During the weekend of Sept. 10, parishes across the Diocese will participate in the annual National Collection for the Catholic University of America, which serves the Church by engaging its almost 7,000 students in discovering knowledge and truth through excellence in teaching and research.
As the only institution of higher education founded by the U.S. bishops and chartered by the Vatican, Catholic University is the national university of the Catholic Church, charged with educating the future leaders of the Church, the nation and the world.
Contributions to the collection benefit clergy, religious and lay undergraduate and graduate students seeking a Catholic education at the institution, and support scholarships for students in the Diocese of Trenton and other dioceses.
In 2016 parishioners of the Diocese of Trenton donated $127,800 to the annual CUA collection, making it possible for more than 6,000 students from dioceses around the country – including those from the Diocese of Trenton – to obtain an education rooted in the Catholic intellectual tradition.
Bishop David M. O’Connell, C.M., is the beneficiary of a CUA education, earning a licentiate in 1987 and a doctor of canon law degree in 1990. He then went on to serve as CUA’s 14th president for 12 years from 1998 until 2010 when he was appointed Coadjutor Bishop of the Trenton Diocese by Pope Benedict XVI.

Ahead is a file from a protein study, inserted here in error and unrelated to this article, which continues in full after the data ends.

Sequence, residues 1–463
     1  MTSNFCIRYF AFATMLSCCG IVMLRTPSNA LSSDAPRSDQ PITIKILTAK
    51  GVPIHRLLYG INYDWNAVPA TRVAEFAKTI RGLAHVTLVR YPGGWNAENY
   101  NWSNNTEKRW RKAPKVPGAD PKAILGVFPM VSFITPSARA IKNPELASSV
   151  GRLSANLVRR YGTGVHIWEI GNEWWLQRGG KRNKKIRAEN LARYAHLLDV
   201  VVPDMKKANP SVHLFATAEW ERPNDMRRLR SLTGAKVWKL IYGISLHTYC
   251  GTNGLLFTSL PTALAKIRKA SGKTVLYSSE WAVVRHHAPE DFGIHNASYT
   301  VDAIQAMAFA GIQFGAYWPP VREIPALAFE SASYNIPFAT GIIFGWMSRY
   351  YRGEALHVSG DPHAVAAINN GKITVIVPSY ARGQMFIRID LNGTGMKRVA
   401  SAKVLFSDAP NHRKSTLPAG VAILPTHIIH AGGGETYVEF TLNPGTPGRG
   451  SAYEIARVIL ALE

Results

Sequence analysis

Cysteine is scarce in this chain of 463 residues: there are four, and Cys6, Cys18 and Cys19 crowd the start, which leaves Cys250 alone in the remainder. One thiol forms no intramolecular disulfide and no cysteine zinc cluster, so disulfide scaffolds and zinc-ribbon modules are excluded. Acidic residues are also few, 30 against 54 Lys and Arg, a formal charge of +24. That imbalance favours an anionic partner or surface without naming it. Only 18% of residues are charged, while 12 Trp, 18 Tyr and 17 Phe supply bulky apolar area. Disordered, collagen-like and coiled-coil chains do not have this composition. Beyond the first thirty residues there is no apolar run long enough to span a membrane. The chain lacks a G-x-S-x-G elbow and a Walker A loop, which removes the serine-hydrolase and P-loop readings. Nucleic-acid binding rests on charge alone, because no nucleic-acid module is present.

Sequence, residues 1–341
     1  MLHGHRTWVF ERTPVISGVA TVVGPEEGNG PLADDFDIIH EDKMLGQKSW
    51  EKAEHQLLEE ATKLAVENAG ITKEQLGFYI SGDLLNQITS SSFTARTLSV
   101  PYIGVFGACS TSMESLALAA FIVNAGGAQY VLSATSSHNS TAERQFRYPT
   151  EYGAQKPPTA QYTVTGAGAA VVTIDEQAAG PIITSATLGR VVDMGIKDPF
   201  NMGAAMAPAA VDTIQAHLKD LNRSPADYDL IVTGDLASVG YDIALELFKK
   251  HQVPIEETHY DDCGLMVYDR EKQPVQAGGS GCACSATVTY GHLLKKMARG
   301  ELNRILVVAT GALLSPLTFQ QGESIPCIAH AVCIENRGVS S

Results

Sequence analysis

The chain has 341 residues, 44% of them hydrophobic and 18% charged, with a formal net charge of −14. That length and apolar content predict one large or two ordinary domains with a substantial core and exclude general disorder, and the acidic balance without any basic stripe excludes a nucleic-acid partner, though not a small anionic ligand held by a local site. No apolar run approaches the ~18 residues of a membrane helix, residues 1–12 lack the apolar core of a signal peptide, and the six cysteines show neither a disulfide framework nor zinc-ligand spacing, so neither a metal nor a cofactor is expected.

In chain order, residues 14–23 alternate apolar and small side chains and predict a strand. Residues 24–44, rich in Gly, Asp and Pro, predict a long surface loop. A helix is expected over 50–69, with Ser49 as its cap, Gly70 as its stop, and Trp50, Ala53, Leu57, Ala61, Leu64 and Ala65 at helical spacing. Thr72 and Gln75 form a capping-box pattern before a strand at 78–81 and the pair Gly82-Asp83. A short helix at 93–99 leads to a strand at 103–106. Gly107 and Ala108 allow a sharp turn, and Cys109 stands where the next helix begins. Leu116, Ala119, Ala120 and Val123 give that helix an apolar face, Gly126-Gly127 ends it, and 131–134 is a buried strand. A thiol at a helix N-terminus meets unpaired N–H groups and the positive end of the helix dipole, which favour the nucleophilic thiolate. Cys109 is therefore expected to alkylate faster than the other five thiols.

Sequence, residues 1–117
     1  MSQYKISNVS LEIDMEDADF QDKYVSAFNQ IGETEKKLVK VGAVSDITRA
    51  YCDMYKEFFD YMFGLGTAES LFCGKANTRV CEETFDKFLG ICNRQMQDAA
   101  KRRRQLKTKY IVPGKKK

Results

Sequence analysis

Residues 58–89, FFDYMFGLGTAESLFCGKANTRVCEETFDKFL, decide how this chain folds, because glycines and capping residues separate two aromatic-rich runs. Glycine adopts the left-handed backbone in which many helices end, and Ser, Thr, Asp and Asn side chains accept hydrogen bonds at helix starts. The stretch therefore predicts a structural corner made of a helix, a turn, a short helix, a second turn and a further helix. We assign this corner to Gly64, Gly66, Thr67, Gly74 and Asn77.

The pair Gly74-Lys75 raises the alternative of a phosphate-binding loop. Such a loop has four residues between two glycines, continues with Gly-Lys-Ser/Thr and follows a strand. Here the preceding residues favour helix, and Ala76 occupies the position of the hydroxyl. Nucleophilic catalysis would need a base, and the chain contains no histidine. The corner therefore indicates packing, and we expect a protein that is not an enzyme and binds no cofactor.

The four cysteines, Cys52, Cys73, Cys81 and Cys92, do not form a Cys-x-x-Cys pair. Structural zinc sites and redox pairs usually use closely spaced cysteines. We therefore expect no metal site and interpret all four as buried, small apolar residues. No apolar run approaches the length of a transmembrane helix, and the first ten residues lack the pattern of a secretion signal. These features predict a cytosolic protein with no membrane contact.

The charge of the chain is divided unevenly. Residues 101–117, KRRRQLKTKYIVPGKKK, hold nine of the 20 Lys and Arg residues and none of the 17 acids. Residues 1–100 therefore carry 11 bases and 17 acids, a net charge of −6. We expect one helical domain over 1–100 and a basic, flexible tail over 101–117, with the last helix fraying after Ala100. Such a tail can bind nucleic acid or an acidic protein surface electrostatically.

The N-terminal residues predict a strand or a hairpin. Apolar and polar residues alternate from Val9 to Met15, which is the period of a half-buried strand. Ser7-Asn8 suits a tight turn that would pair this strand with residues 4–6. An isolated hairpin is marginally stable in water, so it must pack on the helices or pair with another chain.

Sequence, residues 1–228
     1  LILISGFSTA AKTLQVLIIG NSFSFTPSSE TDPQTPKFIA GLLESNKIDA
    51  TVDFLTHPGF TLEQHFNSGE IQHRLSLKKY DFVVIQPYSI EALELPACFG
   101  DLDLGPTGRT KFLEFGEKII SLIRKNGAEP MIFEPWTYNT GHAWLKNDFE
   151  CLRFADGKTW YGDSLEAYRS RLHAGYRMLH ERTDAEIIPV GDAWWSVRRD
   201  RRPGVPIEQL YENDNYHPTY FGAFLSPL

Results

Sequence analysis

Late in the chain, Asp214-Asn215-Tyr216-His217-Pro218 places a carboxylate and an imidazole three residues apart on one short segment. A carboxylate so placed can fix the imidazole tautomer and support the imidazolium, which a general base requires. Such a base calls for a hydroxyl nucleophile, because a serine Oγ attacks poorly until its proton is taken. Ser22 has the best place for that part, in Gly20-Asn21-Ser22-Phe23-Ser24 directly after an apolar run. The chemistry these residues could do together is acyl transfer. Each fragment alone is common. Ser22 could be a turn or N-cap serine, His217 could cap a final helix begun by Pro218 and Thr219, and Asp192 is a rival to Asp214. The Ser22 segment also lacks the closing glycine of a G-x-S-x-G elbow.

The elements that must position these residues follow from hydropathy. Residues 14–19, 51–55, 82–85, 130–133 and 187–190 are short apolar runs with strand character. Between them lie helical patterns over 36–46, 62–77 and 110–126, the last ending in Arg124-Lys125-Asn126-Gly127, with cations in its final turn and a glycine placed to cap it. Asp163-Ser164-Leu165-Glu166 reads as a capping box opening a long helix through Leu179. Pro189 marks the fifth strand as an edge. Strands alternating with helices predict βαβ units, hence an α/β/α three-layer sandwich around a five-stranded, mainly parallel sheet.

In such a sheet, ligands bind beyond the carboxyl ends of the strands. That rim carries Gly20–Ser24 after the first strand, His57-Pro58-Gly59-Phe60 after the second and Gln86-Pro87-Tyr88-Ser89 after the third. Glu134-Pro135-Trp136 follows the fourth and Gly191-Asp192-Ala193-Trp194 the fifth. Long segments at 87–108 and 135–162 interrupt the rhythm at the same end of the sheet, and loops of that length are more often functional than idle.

Bishop O’Connell established a scholarship in 2010 that is a reflection of his episcopal motto - Ministrare non ministrari - meaning "to serve and not to be served," from the Gospel of St. Mark. The Most Reverend David M. O'Connell Service Scholarship is a four year, full-tuition award given to an incoming freshman from the Diocese of Trenton who has a demonstrated record of service, and has made a commitment to service while at CUA and beyond.
In response to the annual Black and Indian Mission Collection held the first Sunday of Lent, which this year was March 5, the faithful in parishes across the Diocese donated $113,660.36 to help communities build the Church and preach the Gospel among African-American, Native-American and Alaska-Native peoples.
In a letter to Bishop David M. O’Connell, C.M., Father Maurice Henry Sands, executive director of the Black and Indian Mission Office, thanked the Diocese’s faithful for their generosity, saying, “This collection so clearly authenticates Pope Francis’ call to us as pastor to work as a family to help all of our brothers and sisters and to share the love, faith and hope of Jesus Christ.”
Funds raised by the National Collection go toward providing grants to dioceses across the country to operate schools and parishes and undertake missionary outreach and evangelization programs. Among the priorities of the Black and Indian Mission Office are enlivening parish life and catechesis, helping educators reach children, encouraging vocations and empowering evangelizers.